Over 1.5b persons live with hearing problems globally, says WHO

Over 1.5b persons live with hearing problems globally, says WHO


World Health Organisation (WHO), has confirmed that over 1.5 billion people live with ear and hearing problems globally just as nearly 80 per cent of the number reside in low and middle-income countries.

WHO then hinted, an estimated 135 million people have the impairments in Africa, with the figure likely to rise to over 338 million by 2050.

Moreover, close to $30 billion is lost to collective failure to adequately address hearing loss on the continent.

WHO Regional Director for Africa, Dr. Matshidiso Moeti, who made the disclosure in a message to mark the 2023 World Hearing Day, yesterday, noted that the burden of ear and hearing problems reflects significant inequalities disproportionately impacting marginalised populations

She said even when over 60 per cent of common ear diseases and hearing loss could be detected and managed at the primary level of care, in most places, however, access to care continues to be limited to highly specialised centres and clinics.

Moeti observed that several people with hearing loss do not know how and where to find help or do not have access to needed services, thus greatly impacting on lives of patients, their families and communities.

She said: “Moreover, the excessive burden of these conditions is also due to the limited number of ear, nose and throat specialists and audiologists available in the countries. It is important to address these conditions across the continuum of care for people needing these services, who must seek specialised services, often in distant hospitals.”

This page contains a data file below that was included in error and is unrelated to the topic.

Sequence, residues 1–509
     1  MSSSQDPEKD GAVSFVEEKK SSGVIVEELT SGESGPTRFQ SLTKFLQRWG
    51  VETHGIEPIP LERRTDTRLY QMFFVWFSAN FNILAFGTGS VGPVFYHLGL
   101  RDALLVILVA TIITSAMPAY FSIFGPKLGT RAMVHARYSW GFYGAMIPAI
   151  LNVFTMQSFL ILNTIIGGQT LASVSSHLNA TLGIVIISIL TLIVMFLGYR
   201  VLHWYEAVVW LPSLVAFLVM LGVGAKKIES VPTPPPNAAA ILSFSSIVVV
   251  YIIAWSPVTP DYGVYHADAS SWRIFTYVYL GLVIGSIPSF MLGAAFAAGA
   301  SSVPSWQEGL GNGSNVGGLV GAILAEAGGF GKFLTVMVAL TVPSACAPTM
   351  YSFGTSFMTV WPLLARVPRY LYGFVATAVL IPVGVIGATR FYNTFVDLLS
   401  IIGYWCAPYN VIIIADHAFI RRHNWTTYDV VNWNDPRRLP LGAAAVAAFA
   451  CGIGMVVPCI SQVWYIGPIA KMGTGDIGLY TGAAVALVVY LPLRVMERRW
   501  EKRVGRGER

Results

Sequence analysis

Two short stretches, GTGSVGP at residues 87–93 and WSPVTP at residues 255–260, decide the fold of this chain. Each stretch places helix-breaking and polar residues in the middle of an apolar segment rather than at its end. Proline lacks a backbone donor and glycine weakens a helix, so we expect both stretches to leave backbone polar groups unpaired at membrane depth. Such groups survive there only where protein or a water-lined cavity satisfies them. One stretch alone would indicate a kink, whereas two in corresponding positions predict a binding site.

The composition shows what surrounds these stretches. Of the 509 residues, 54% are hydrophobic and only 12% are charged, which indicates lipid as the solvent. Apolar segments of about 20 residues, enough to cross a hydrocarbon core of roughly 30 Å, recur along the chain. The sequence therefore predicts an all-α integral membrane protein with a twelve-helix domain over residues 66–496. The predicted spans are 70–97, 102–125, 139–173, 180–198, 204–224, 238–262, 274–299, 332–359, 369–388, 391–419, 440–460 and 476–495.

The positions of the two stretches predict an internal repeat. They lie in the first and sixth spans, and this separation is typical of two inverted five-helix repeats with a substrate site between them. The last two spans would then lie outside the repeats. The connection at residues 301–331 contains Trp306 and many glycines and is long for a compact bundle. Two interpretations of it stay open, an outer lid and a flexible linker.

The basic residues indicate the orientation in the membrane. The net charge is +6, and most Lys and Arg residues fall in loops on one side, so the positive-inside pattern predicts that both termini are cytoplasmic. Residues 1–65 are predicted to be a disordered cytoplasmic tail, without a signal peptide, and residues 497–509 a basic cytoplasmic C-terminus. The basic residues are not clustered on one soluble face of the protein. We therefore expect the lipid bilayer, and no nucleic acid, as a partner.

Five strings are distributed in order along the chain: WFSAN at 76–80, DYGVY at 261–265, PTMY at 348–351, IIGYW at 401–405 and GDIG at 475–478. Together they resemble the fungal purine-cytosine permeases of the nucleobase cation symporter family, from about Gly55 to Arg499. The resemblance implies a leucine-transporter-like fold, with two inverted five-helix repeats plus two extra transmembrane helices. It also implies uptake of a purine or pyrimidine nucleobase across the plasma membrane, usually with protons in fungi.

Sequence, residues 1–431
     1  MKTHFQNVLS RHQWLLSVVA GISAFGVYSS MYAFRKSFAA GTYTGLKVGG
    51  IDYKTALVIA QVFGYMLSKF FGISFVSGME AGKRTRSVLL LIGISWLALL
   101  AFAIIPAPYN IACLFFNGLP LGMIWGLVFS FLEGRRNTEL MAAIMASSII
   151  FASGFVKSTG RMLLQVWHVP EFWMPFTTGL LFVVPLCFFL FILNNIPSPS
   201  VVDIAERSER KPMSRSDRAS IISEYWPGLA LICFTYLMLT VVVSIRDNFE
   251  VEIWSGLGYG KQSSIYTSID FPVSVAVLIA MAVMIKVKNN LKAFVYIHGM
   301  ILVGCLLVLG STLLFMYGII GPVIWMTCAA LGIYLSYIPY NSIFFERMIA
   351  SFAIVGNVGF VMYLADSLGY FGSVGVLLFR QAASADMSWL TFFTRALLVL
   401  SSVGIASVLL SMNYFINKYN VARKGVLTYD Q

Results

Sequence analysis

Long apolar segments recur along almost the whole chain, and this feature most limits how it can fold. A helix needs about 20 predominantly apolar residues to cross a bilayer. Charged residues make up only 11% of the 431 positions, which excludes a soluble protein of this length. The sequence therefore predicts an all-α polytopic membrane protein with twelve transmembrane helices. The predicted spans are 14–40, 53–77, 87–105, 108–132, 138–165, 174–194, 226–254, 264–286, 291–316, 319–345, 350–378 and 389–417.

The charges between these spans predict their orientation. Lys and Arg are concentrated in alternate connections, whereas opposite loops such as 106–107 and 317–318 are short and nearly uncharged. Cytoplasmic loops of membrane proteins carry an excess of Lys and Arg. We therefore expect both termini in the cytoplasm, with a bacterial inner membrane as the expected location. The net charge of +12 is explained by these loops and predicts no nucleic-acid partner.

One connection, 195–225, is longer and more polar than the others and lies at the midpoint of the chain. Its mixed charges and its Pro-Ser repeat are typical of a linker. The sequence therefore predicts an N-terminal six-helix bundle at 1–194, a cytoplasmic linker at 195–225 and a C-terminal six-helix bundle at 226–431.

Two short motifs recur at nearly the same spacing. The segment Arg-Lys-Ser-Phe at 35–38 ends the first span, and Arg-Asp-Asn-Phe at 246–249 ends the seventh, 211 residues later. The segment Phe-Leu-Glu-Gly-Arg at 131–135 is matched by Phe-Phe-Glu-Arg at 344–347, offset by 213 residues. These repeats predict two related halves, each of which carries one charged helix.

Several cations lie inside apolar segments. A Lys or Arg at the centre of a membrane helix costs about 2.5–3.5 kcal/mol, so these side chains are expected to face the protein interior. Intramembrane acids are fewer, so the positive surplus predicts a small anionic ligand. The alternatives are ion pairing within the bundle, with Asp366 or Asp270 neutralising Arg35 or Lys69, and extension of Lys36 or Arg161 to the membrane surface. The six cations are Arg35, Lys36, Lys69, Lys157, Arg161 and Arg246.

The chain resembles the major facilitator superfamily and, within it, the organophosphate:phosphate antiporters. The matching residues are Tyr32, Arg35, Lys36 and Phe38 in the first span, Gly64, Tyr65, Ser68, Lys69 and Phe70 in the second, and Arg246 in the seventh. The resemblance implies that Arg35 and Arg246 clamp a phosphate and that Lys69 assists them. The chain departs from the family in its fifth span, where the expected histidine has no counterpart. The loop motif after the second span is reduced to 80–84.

The hearing problem scourge
The hearing problem scourge

The WHO official submitted that integrating ear and hearing care into primary care services was possible through training and capacity building to address the challenges.

“It is possible to ensure these services by training a non-specialist workforce that serves as first point of contact for communities. To facilitate such integration, we have launched a ‘primary ear and hearing care training manual’ that is intended to inform doctors, nurses and other health workers. We have no doubt this manual will benefit people and help countries move towards the goal of universal health coverage,” she said.

Moeti continued: “We acknowledge recent efforts to address hearing care. The ongoing support to Kenya to establish a Centre of Excellence for Eye Health and Oral Health is a welcome step. Also, with our support, countries are developing and implementing national strategies for ear health. In 2022, Kenya, Malawi and Guinea launched and started to implement national ear and hearing care strategies. Furthermore, there is now a regional analysis on ear and hearing care, including country profiles for all member states.”